Fertility Preservation Before Cancer Treatment
- Research shows fertility preservation before breast cancer treatment at least doubles chances of giving birth after treatment.
- Doctors should bring up fertility preservation with every woman of childbearing age before she starts cancer treatment.
- Egg and embryo freezing are the most common approaches, but other options exist.
The doctors told her she’d need chemotherapy and that infertility was a likely side effect.Read More
“I was devastated,” she recalls. But, in fact, chemotherapy didn’t put a stop to Inverso’s plans to have more children. Before she started treatment, she learned about fertility preservation.
“When a women is diagnosed with cancer in her childbearing years, fertility preservation should be a part of the conversation, like it’s part of the treatment plan,” Jaime Knopman, MD, tells SurvivorNet. “Everyone in their reproductive years should be advised of their options.” Knopman is a reproductive endocrinologist at CCRM Fertility in New York City.
How Cancer Treatment Can Affect Fertility
Some types of chemotherapy can destroy eggs in your ovaries. This can make it impossible or difficult to get pregnant later. Whether or not chemotherapy makes you infertile depends on the type of drug and your age – since your egg supply decreases with age.
“The risk is greater the older you are,” Knopman says. “If you’re 39 and you get chemo that’s toxic to the ovaries, it’s most likely to make you menopausal. But, if you’re 29, your ovaries may recover because they have a higher baseline supply.”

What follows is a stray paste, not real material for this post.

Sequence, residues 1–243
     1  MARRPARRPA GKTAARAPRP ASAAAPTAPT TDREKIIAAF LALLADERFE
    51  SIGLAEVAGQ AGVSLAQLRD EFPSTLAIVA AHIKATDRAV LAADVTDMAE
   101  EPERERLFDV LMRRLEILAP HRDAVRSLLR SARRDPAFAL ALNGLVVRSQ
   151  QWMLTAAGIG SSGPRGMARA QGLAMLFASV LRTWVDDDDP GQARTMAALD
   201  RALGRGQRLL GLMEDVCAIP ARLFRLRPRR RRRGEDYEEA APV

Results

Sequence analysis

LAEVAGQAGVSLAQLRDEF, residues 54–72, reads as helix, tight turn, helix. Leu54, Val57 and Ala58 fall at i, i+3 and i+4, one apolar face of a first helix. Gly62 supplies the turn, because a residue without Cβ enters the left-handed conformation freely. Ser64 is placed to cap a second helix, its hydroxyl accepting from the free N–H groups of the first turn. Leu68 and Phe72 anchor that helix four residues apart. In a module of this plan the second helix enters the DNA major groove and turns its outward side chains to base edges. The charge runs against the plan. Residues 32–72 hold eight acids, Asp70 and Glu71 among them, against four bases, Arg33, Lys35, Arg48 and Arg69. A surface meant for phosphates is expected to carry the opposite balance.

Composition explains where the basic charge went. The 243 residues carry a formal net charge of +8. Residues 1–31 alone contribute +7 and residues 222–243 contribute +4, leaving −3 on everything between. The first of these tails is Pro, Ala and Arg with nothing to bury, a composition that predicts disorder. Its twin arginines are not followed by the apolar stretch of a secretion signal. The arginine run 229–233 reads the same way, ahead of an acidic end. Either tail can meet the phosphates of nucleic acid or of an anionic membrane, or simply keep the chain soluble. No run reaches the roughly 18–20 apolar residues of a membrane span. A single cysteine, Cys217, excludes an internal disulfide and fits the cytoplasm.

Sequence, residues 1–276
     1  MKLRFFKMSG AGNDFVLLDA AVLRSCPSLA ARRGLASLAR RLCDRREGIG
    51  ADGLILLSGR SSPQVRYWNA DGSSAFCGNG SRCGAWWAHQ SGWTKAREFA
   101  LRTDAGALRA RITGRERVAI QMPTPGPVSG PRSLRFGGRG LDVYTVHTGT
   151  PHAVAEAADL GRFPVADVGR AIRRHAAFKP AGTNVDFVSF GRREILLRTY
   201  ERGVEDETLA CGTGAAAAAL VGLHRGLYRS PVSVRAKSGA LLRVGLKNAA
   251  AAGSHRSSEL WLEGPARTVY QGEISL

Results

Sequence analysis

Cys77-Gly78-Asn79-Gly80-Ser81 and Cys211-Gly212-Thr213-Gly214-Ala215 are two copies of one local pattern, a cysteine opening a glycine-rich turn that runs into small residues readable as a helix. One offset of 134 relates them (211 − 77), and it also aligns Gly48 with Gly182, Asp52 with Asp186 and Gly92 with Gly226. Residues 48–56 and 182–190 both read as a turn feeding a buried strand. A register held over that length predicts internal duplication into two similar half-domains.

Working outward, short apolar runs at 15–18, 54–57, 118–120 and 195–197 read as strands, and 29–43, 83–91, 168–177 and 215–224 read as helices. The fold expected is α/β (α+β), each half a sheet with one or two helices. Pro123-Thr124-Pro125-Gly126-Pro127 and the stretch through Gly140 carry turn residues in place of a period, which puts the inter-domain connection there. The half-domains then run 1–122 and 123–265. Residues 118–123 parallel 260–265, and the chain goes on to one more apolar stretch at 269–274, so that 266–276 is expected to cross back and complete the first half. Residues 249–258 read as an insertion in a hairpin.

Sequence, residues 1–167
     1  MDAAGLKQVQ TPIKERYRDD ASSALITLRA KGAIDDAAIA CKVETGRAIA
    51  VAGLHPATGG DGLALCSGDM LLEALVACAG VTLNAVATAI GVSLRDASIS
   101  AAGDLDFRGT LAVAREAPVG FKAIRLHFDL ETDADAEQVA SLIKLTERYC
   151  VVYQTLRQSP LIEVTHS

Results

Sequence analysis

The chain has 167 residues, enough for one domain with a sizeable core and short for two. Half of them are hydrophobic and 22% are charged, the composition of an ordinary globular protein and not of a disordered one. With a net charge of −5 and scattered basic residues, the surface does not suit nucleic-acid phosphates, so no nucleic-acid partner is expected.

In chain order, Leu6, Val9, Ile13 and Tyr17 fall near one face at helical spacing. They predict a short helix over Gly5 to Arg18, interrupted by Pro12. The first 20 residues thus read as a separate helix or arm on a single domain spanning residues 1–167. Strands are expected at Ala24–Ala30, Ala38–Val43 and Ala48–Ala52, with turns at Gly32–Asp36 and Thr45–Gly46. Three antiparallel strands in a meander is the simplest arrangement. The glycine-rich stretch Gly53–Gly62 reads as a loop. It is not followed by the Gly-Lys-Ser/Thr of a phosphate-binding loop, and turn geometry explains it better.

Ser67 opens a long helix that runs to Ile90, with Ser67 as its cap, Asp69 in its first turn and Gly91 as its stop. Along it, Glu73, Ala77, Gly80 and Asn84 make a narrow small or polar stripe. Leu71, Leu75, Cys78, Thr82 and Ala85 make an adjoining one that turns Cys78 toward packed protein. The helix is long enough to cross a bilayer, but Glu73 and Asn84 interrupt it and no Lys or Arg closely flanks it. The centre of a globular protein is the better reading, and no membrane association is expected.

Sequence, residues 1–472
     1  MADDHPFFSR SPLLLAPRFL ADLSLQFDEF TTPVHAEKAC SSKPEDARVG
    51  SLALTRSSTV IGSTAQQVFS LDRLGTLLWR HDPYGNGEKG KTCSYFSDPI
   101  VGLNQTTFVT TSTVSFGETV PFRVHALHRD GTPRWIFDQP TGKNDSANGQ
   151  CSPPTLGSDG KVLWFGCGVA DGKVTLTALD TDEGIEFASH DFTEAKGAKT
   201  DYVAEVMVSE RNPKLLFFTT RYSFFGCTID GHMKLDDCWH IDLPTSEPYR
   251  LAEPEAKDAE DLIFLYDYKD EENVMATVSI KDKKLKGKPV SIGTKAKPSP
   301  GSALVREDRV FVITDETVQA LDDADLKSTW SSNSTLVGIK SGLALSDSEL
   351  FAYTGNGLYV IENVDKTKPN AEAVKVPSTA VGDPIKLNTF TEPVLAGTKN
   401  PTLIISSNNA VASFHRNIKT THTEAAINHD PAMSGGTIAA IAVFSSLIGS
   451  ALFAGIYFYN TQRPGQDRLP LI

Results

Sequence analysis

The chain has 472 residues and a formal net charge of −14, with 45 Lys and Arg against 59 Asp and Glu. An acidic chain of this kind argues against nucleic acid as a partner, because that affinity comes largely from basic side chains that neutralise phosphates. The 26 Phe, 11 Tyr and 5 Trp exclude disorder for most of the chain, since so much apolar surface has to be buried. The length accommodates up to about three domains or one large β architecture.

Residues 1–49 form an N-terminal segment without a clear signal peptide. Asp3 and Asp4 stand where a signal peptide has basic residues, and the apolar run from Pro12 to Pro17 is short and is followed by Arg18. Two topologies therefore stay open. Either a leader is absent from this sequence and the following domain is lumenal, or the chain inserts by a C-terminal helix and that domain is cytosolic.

Radiation to the pelvis can also destroy eggs. It can damage the uterus, too. Surgery to your ovaries or uterus can hurt fertility as well.
If you are having a treatment that includes infertility as a possible side effect, your doctor won’t be able to tell you for sure whether you will have this side effect. That’s why you should discuss your options for fertility preservation before starting treatment.
Research shows that women who have fertility preservation prior to breast cancer treatment, in particular, are more than twice as likely to give birth after treatment than those who don’t take fertility preserving measures.
Your Options For Preserving Your Fertility Before Cancer Treatment
Most women who preserve their fertility before cancer treatment do so by freezing their eggs or embryos. That’s what Inverso did. She froze eight embryos.
After you finish your cancer treatment, a doctor who specializes in reproductive medicine can implant one or more embryos in your uterus – or the uterus of a surrogate – with the hope that it will result in pregnancy. If you freeze eggs only before treatment, a fertility specialist can use sperm and your eggs to create embryos in vitro and transfer them to your uterus.
When freezing eggs or embryos is not an option, doctors may try these less common approaches:
- Ovarian tissue freezing, an experimental approach for girls who haven’t yet reached puberty and don’t have mature eggs or for women who must begin treatment right away and don’t have time to harvest eggs.